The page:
• Bloomberg, Reuters


Almost three weeks after his shock arrest, former Nissan Chairman Carlos Ghosn’s relationship with his former protege is emerging as key to determining what may have triggered the investigation that has put the car industry titan in a Tokyo jail cell.

Ghosn, who was ejected from the top post shortly after his arrest, planned for months to shake up senior management at the automaker and had made known his plans to replace Chief Executive Officer Hiroto Saikawa, The Wall Street Journal reported Sunday, citing unidentified people familiar with the situation. Ghosn, who promoted the Nissan lifer to the CEO position in 2017, wanted to carry out his plan at a board meeting in November, one of the people told the paper.

But people familiar with Ghosn’s case and with Nissan’s operations said there was no plan to eject Saikawa last month, or before the end of his term, which was due to run until April next year.

Any change in top management would have required the approval of the carmaker’s board, they said.

Saikawa couldn’t be reached for a response, the report said, and the office of Ghosn’s lawyer, Motonari Otsuru, declined to comment.

Relations had been strained between Saikawa and Ghosn for some time, the people with knowledge of the situation said, declining to be identified as they were discussing private information.

The Nissan CEO emerged this year as an opponent of Ghosn’s ambitions to deepen the company’s alliance with Renault SA via a merger. Saikawa publicly played down the chances of that being realized in May, prompting a dressing-down from Ghosn, according to a person familiar with the matter, who told Saikawa that he was jeopardizing Nissan’s credibility.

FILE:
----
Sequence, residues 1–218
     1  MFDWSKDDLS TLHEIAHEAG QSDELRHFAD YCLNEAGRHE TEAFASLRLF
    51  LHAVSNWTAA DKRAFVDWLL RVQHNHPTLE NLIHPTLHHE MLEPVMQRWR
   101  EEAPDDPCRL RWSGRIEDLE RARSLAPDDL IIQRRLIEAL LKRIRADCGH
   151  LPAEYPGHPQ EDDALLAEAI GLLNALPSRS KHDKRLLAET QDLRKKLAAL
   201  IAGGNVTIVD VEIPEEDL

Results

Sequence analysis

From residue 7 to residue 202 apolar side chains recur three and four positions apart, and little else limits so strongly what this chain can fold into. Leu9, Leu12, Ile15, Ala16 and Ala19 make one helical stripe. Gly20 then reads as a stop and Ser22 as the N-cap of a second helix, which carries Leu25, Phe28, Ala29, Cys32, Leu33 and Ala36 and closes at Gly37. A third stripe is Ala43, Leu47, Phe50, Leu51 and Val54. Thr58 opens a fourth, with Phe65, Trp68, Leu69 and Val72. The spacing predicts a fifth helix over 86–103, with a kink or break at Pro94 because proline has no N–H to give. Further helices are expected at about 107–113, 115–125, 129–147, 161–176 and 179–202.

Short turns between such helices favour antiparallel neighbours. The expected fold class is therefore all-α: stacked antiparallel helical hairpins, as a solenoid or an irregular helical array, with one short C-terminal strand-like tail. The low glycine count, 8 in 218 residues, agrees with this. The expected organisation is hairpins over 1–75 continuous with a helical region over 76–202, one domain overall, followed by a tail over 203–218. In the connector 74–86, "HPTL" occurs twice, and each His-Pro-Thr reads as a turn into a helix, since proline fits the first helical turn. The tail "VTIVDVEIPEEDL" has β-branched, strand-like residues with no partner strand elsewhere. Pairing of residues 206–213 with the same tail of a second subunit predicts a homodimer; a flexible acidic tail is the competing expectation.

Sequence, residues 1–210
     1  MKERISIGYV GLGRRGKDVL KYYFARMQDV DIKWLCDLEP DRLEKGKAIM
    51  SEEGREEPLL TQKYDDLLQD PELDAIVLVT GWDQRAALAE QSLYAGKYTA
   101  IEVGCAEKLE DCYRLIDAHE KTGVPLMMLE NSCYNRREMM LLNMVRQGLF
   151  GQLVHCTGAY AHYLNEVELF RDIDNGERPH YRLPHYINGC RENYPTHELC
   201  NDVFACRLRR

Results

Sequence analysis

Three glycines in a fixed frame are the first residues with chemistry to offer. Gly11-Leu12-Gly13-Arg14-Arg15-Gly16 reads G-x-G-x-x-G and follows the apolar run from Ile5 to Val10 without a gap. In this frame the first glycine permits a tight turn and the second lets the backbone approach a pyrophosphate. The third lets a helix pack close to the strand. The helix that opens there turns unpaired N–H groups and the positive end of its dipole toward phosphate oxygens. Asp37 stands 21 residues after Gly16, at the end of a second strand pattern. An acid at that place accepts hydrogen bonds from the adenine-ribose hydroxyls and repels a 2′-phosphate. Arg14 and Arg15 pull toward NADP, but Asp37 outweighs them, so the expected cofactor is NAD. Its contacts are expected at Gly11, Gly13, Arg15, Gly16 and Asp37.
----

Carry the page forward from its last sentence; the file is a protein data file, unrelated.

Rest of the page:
But from virtually the moment Ghosn was taken into custody by police on Nov. 19, Saikawa moved rapidly to show he was in control.

The CEO appeared alone at a late-night news conference just hours after the arrest and issued a frontal condemnation of Ghosn’s alleged behavior, calling it “the dark side of Ghosn’s long reign.”

Asked outright if a coup was under way at Nissan, Saikawa replied: “That is not my understanding. I didn’t make such an explanation and think you should not think of it that way.”

Ghosn, who remains CEO of Renault despite his situation, was indicted for financial crimes Monday.

Ghosn’s downfall has rocked the auto alliance he has created and led for decades, with Nissan said to be angling for more power in the pact in the wake of his arrest.

On Sunday, Nissan said it is seeking to block Ghosn’s access to an apartment in Rio de Janeiro, citing a risk that the executive may remove or destroy evidence.

A Brazilian court has granted Ghosn access to the property, owned by Nissan, in the Copacabana neighborhood, but the company said in a statement Sunday that it is now petitioning a higher court to reverse the decision.

“Nissan has been cooperating with authorities to investigate misconduct on the part of its former chairman, and is working to prevent the destruction of any potential evidence that could occur by allowing access to residences in question,” a Nissan spokesman said. “Nissan identified serious misconduct related to the reporting of Mr. Ghosn’s compensation. The company has been providing information to the Japanese Public Prosecutor’s Office and has been fully cooperating with its investigation. We will continue to do so,” the Nissan spokesman said.

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